Cantilevered Walls are built using forms. When the use of forms is not
desired, Reinforced Concrete Block Cantilevered Walls are another option.
Where foundation soils are poor, Earth Tieback Retaining Walls are another
choice. These walls are counterbalanced not only by a large base but also
by a series of horizontal bars or strips extending out perpendicularly from
the vertical surface into the slope. The bars or strips, sometimes called
deadmen are made of wood, metal, or synthetic materials such as
geotextiles. Once an earth tieback retaining wall is backfilled, the weight
and friction of the fill against the horizontal members anchors the
structure.

Fig 6.3.Semi Gravity Retaining


Wall

Fig.6.4 Cantilever wall

Module 6 : Design of Retaining Structures


Lecture 26 : Introduction [ Section 26.2 : Different Types of Retaining Structures ]
Counterfort retaining wall
When the height of the cantilever retaining wall is more than about 7m, it is economical to provide vertical
bracing system known as counter forts. In this case, both base slab and face of wall span horizontally
between the counter forts.

Fig. 6.5 Counter fort retaining wall


3.

Flexible walls: there are two classes of flexible walls.

A.

Sheet pile walls and

B.

Diaphragm wall

A.

Sheet Pile Walls


Sheet piles are generally made of steel or timber. The use of timber piles is generally limited to temporary
sdtructures in which the depth of driving does not exceed 3m. for permanent structures and for depth of
driving greater than 3m, steel piles are most suitable. Moreover, steel iles are relatively water tight and can
be extracted if required and reused. However, the cost of sheet steel piles is generally more than that of
timber piles. Reinforced cement concrete piles are generally used when these are to be jetted into fine sand
or driven in very soft soils, such as peat. For tougher soils , the concrete piles generally break off. Based on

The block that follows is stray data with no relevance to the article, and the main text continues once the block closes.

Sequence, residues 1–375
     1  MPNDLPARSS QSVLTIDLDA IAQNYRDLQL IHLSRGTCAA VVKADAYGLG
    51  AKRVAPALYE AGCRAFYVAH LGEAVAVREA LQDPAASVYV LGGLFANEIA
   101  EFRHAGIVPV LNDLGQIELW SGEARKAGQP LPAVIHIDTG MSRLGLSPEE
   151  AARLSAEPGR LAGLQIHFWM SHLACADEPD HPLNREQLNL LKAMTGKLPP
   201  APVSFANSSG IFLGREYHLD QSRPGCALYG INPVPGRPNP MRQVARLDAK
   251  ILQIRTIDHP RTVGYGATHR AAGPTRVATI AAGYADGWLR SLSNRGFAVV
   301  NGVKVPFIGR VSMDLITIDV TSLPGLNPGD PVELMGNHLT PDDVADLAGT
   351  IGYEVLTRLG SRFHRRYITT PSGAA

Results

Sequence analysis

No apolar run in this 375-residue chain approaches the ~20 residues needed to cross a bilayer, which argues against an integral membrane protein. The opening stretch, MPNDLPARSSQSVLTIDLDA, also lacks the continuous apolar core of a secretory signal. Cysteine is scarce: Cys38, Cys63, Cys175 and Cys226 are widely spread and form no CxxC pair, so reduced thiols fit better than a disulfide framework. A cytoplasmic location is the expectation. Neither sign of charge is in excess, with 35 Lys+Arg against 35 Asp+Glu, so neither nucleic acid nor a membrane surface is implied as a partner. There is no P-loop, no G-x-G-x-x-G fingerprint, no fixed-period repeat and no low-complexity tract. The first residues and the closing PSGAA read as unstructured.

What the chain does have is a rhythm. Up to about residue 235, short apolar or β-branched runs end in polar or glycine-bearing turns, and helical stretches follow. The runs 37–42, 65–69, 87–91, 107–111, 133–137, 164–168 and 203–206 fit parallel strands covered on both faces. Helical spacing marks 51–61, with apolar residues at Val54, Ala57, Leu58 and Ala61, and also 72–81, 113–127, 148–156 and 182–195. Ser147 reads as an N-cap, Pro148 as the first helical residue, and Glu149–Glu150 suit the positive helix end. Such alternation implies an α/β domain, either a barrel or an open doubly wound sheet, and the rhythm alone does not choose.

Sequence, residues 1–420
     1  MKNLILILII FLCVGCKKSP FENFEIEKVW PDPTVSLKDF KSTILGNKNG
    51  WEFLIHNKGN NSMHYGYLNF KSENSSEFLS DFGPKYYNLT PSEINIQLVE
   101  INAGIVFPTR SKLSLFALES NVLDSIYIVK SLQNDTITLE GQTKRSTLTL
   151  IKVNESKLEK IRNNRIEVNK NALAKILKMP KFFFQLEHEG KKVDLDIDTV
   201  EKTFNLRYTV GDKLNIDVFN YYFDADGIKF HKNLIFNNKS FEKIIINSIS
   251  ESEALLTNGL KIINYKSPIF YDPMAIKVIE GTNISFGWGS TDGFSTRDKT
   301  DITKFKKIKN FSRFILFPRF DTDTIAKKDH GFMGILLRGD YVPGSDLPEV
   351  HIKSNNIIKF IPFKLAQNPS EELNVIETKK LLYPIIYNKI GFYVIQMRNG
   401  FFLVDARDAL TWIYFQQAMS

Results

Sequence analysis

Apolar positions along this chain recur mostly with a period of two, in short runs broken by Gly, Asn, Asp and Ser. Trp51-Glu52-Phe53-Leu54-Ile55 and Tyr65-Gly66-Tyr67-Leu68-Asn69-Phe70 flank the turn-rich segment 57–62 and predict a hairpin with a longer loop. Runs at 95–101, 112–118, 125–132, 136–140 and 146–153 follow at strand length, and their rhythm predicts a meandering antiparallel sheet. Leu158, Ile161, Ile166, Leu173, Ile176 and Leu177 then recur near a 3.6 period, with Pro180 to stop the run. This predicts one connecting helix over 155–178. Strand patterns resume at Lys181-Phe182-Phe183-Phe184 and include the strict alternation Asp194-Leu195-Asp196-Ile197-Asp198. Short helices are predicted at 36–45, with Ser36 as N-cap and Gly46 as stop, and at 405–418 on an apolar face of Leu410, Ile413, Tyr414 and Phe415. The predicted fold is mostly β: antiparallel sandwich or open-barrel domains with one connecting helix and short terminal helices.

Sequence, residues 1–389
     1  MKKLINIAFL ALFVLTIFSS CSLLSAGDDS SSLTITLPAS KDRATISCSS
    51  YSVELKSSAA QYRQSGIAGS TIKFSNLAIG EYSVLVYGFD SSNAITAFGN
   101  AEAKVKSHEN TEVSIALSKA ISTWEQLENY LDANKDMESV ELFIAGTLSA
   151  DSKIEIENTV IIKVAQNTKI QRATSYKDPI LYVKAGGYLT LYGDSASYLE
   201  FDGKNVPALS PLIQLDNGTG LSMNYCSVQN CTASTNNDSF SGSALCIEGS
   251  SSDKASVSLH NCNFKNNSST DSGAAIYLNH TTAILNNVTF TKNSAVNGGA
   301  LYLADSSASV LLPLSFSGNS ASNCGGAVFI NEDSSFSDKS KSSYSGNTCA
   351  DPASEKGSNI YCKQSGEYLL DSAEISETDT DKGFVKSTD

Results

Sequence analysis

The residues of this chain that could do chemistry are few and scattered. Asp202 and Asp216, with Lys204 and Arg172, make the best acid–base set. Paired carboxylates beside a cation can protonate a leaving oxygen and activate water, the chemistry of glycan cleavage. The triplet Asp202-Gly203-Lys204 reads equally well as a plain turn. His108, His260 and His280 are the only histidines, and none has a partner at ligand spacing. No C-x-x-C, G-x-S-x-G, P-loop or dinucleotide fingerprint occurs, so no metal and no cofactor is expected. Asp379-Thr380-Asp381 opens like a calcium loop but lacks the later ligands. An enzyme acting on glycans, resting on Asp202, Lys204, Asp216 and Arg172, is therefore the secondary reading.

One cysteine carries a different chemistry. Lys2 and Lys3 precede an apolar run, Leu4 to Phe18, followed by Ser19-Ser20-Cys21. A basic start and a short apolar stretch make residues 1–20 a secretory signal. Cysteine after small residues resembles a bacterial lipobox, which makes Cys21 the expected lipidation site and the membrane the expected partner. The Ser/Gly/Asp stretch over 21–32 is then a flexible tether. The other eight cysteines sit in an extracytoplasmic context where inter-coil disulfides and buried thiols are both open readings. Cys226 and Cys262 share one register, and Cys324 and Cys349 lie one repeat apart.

its structural form and loading system, sheet pile walls can be classified into 2 types:(i)Cantilever Sheet Piles
and(ii)Anchored Sheet Piles

Module 6 : Design of Retaining Structures


Lecture 26 : Introduction [ Section 26.2 : Different Types of Retaining Structures ]
1.

Cantilever sheet pile walls:

Fig. 6.6.Cantilever sheet pile wall


Cantilever sheet piles are further divide into two types:

2.

Free cantilever sheet pile


It is a sheet pile subjected to a concentrated horizontal load at its top. There is no back fill above the dredge
level. The free cantilever sheet pile derives its stability entirely from the lateral passive resistance of the soil
below the dredge level into which it is driven.
Cantilever Sheet Pile Wall with Backfill
A cantilever sheet pile retains backfill at a higher level on one side. The stability is entirely from the lateral
passive resistance of the soil into which the sheet pile is driven, like that of a free cantilever sheet pile.
Anchored sheet pile walls
Anchored shet pile walls are held above the driven depth by anchors provided ata suitable level. The anchors
provided for the stability of the sheet ile , in addition tomthe lateral passive resistance of the soil into which
the shet piles are driven. The anchored sheet piles are also of two types.

Fig. 6.7.Anchored sheet pile wall


Free earth support piles.
An anchored pile is said to have free earth support when the depth of embedment is small and the pile
rotates at its bottom tip. Thus there is a point of contraflexure in the pile.
Fixed earth support piles.
An anchored sheet pile has fixed earth support when the depth of embedment is large. The bottom tip of the
pile is fixed against rotations. There is a change in the curvature of the pile, and hence, an inflection point
occurs.

Module 6 : Design of Retaining Structures


Lecture 26 : Introduction [ Section 26.2 : Different Types of Retaining Structures ]
B.

Diaphragm Walls
Diaphragm walls are commonly used in congested areas for retention systems and permanent foundation
walls. They can be installed in close proximity to existing structures, with minimal loss of support to existing
foundations. In addition, construction dewatering is not required, so there is no associated subsidence.